There is a growing backlash against the proposals to let the security services monitor every email, phone call and website visit by politicians from both coalition parties.
Chief among the Conservative rebels was Jacob Rees-Mogg MP, who suggested
the proposals were hypocritical given the Prime Minister's previous stance against the control state .
In a 2009 speech Cameron said: Faced with any problem, any crisis, given any excuse, Labour grasp for more information, pulling more
and more people into the clutches of state data capture.
Rees-Mogg said: The Government ought to remember why it favoured liberty in opposition. The powers it creates may in future be used by less benevolent administrations.
David Davis, the former Shadow Home Secretary, said the plan was
an unnecessary extension of the ability of the State to snoop on people. What this is talking about doing is not focusing on terrorists or criminals. It's absolutely everybody's emails, phone calls, web access.
Senior Liberal Democrats are
also planning to rebel. They want the Government to clarify whether the legislation will allow GCHQ to access information on demand and without a warrant. The party passed a motion at its spring conference banning communication interception
without named, specific and time-limited warrants.
Tim Farron, the President of the Liberal Democrats, wrote on Twitter: We didn't scrap ID cards to back creeping surveillance by other means. State mustn't be able to trace citizens at
Big Brother Clegg tries the angle that there is no central database
See article from telegraph.co.uk
While there will be no database, providers will be required to record all
activities of their customers so they can be accessed if needed.
Nick Clegg said he was against the idea of a central database and the government reading people's e-mails at will. He claimed: I'm totally opposed as a Liberal Democrat and as
someone who believes in people's privacy and civil liberties.
But in fact if the proposal is a rehash of what the police etc wanted under Labour, then they wanted the ISP's to provide access to their local databases so that the police could
actually use it like a central database (albeit a little bit slower on database searches).
Clegg also claimed that the government will not ram legislation through Parliament . He said the proposals would be published in draft first
to allow them to be debated.
Meanwhile Theresa May has been suggesting that the capability is primarily for tracking down terrorists and paedophiles. But of course that has always been the stated case, and it has never stopped the capability to be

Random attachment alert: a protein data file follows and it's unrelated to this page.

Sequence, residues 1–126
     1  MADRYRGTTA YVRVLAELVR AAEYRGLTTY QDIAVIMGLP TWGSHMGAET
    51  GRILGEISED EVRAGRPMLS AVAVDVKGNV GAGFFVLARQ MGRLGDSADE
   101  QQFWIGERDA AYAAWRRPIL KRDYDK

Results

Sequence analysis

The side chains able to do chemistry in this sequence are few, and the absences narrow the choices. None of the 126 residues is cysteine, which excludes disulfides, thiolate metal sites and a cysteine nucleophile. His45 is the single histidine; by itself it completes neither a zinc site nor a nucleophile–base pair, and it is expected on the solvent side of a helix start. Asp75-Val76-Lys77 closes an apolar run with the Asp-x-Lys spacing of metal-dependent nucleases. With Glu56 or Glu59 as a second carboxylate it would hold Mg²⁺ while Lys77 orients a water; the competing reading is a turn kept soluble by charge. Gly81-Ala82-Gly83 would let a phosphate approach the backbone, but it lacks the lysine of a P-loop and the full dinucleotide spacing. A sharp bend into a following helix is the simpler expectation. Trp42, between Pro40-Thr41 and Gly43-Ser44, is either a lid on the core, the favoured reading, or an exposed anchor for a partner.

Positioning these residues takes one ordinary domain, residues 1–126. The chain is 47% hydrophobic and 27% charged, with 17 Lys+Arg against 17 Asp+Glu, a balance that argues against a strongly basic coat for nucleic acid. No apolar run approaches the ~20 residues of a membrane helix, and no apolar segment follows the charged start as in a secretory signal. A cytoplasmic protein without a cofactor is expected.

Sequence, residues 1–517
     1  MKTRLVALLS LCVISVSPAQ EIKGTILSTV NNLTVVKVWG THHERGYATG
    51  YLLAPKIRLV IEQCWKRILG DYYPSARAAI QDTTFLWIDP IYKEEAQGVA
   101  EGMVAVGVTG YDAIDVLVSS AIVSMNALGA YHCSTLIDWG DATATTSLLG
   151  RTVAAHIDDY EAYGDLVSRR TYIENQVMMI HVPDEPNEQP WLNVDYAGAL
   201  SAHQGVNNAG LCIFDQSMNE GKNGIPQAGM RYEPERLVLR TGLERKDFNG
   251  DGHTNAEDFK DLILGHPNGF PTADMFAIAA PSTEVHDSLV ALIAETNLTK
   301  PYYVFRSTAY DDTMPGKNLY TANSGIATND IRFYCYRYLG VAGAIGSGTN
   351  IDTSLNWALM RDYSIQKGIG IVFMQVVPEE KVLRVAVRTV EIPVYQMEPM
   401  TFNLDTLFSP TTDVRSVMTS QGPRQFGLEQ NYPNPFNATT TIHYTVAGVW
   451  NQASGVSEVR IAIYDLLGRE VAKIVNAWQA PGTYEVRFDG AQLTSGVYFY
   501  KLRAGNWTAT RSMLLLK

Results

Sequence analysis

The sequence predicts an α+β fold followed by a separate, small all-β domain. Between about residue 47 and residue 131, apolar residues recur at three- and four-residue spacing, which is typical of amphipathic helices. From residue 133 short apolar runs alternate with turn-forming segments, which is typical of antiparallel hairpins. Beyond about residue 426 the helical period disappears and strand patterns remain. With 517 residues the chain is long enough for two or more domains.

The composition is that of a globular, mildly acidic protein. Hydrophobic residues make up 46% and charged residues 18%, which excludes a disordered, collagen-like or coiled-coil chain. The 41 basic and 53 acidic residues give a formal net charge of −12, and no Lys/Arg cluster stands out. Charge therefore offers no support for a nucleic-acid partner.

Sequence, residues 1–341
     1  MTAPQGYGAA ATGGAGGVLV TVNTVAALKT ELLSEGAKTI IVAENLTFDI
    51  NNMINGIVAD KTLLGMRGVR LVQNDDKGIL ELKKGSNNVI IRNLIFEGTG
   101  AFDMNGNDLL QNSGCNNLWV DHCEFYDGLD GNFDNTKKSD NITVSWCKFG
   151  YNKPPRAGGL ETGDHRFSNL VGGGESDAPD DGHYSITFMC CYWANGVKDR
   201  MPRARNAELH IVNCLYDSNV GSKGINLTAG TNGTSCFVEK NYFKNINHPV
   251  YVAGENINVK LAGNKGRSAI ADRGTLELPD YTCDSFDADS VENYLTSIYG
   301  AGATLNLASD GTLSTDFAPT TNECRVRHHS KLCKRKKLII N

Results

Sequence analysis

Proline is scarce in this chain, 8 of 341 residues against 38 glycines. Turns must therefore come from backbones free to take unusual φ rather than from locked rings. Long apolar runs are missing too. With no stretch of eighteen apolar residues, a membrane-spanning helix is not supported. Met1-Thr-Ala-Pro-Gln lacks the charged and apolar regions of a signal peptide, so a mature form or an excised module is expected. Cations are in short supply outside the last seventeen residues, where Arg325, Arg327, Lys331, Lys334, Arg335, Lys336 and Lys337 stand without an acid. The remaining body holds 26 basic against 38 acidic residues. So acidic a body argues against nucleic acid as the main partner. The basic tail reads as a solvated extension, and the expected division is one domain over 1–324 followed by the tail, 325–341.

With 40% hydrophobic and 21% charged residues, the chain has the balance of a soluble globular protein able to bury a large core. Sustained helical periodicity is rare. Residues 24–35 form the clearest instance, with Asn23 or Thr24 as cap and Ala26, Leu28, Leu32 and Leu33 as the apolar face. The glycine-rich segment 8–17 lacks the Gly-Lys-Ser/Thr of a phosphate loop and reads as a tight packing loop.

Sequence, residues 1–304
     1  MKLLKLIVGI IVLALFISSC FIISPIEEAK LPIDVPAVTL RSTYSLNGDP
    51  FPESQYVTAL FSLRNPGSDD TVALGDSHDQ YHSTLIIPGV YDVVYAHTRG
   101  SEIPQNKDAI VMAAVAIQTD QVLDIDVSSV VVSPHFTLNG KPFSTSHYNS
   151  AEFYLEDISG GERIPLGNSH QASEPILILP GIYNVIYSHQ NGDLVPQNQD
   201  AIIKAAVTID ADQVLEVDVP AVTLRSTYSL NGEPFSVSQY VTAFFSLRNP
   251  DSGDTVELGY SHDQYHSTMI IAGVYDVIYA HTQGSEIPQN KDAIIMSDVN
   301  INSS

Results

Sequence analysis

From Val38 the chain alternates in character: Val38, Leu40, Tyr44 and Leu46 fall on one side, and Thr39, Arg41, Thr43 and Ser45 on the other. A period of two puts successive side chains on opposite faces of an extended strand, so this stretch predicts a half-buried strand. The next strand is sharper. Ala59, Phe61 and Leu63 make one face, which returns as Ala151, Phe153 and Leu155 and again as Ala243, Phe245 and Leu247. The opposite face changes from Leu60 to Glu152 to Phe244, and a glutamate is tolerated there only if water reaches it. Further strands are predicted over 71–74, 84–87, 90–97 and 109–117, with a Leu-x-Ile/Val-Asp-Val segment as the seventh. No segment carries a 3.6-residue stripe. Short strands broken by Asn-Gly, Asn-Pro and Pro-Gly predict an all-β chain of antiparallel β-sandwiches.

used for trivial snooping eg to help councils investigate all sorts of low level nonsense.
LibDems have been fed some blather trying to get them on the government track
An internal Liberal Democrat briefing on Home Office plans to massively expand government surveillance was today passed to Privacy
International. The document contains significant evasions and distortions about the proposed Communications Capabilities Development Programme (CCDP), and is clearly intended to persuade unconvinced Lib Dem MPs to vote in favour of the proposal.
...Read the full article
See also Letter to MP by Phantom on the Melon Farmers Forum
The very reason I loathe Labour with a passion is because of the obsessive control-freakery they displayed during
their years in power. With their being voted out, it seemed we were rid of these big brother tendencies. Now it appears some in government have been infected by much the same virus.
Kindly tell the Home Secretary where to stick her proposals for yet greater surveillance of communications.
...Read the full Letter to MP
Update: Big Brother Cameron Sticks the
Boot in to Big Brother Clegg
11th April 2012. See article from telegraph.co.uk
The Prime Minister said that Nick Clegg was made fully aware during a meeting of the National Security Council of Home Office plans for
police powers to monitor internet communications.
In a put-down to his Coalition partners, Cameron said it was important to remember that some of the most senior Liberal Democrats in government waived through the proposals before they were
The Deputy Prime Minister hit back, saying he had made clear in the meeting that he would stop the laws unless civil liberties were protected.
Conservative ministers insist the new laws will simply widen the current
scope of powers --- police and intelligence agencies are already allowed to monitor telephone calls, letters and emails. They dispute the idea that monitoring voice calls and other communications over the internet amounts to snooping.
Lib Dems have expressed outrage that the changes will allow the police greater power to track online communications, such as on Facebook and Skype.